Hill descent control
Land Rover developed Hill Descent Control (HDC) for use in the Freelander to compensate for the fact it was designed without a low ratio gearbox. By using its anti-lock braking system the HDC system, it brakes individual wheels to control a vehicle’s speed as it descends a steep slope. It’s technology which has been widely adopted by rivals and the latest set-ups even allow you to adjust the descent speed via the cruise control settings on the steering wheel. Hill Descent Control requires you to take your feet off the brake and accelerator and simply steer until you reach the bottom of the slope, with the car taking care of the rest.
An open differential allows power to be lost to a spinning wheel with no grip. Locking differentials ensure engine power is split across the axle, so even if one wheel has zero grip, the other wheel will continue to turn. Traditional locking differentials have to be manually activated by the driver for low speed off-roading and disabled for road use. Modern systems lock the differentials automatically when the anti-lock braking (ABS) system senses wheel spin, with the best even able to decipher what type of surface you are driving on. To save weight and complexity, a mechanical locking differential can be mimicked by the ABS system braking a spinning wheel to transfer torque across the axle. This setup is commonly referred to as an electronic differential and examples of its application include the Fiat Panda 4×4.
More commonly found in full-size SUVs, the low-range (or low-ratio) gearbox is an additional set of gears located in the transfer case which make full engine power and torque available at very low speeds. These gears are desirable for rock crawling, where the vehicle needs lots of power to climb up and over large obstacles at low speeds. Low-ratio gears can also aid towing heavy objects like another stuck vehicle and help descend slippery slopes using only engine braking.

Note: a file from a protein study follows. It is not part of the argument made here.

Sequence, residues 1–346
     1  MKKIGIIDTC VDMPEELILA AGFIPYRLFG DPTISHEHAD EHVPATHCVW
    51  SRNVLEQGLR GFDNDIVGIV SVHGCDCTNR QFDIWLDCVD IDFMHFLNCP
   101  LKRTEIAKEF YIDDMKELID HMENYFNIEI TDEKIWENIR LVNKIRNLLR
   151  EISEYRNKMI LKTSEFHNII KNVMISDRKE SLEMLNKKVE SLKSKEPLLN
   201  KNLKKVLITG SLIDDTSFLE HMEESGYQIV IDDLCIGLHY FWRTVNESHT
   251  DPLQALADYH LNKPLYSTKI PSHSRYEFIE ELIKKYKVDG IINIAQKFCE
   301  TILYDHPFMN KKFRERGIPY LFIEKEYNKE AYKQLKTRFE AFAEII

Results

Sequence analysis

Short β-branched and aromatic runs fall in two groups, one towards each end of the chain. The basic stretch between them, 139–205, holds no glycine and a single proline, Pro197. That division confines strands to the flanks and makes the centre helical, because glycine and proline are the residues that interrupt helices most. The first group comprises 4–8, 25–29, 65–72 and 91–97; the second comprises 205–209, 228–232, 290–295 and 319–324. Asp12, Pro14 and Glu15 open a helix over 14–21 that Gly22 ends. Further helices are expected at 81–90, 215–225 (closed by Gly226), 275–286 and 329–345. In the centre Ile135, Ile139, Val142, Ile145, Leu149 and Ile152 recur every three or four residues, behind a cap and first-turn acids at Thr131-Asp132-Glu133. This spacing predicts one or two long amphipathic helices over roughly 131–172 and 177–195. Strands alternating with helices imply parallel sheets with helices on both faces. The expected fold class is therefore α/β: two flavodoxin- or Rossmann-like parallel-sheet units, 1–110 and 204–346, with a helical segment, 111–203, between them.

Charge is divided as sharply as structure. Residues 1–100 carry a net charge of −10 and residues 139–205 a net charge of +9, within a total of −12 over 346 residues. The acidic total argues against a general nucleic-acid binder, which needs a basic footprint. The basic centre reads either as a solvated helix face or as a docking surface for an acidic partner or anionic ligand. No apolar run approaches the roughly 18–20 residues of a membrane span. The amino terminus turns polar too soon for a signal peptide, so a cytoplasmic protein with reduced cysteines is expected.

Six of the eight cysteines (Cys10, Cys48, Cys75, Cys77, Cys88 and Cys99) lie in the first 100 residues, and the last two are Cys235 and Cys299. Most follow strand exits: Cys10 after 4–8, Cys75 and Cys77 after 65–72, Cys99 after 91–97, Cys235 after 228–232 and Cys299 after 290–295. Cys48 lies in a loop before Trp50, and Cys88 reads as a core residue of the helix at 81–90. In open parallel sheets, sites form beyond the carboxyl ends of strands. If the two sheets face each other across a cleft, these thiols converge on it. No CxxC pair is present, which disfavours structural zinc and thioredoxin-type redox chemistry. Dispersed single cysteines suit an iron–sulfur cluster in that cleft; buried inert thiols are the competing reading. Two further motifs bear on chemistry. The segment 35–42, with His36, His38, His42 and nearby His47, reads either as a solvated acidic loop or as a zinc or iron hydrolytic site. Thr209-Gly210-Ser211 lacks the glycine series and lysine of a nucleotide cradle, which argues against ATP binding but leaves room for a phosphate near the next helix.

In the latest off-road vehicles, old-fashioned levers and buttons have been replaced by a dial, allowing you to choose between settings for likely scenarios like sand, mud and ruts, grass, gravel and snow and rock crawling. Land Rover first introduced Terrain Response with the Discovery 3 in 2004, in a bid to make off-road driving simpler. Selecting the terrain type on the dial would quickly alter the ride height, adjust the differentials, gearbox settings and throttle response. Terrain Response 2 added an automatic setting which uses data from wheel sensors to detect terrain automatically.
Serious off-roading vehicles are designed to cross streams and rivers, but have a maximum wading depth, usually dictated by the air intake of the engine. A wading sensor tells the driver the depth of water the vehicle is in, but should be used with caution, as they cannot tell the depth of water ahead of the vehicle. Land Rover’s system uses sensors in the door mirrors to determine how deep the water is and display a visual representation on the dashboard, along with an alarm if the water approaches the vehicle’s maximum wading depth.
If you imagine an SUV driving along a flat road towards a ramp, the maximum approach angle is the greatest possible steepness of the ramp the SUV can drive onto without fouling its bodywork (usually the front bumper). In the case of the Land Rover Defender it’s around 47 degrees, while for a Skoda Yeti it is 19 degrees.
Now imagine an SUV is driving off a downwards ramp onto the flat, as if disembarking a ferry. Its maximum departure angle is the permissible steepness of the ramp you can drive off with no bodywork contact.
When traversing a hump or a table top-style obstacle there’s a chance the underneath of the car between the axles can bottom out. The breakover angle is measured between the tyre tread and the middle of the vehicle’s chassis, so a short wheelbase Land Rover 90 has a larger breakover angle than a long wheelbase Defender 130.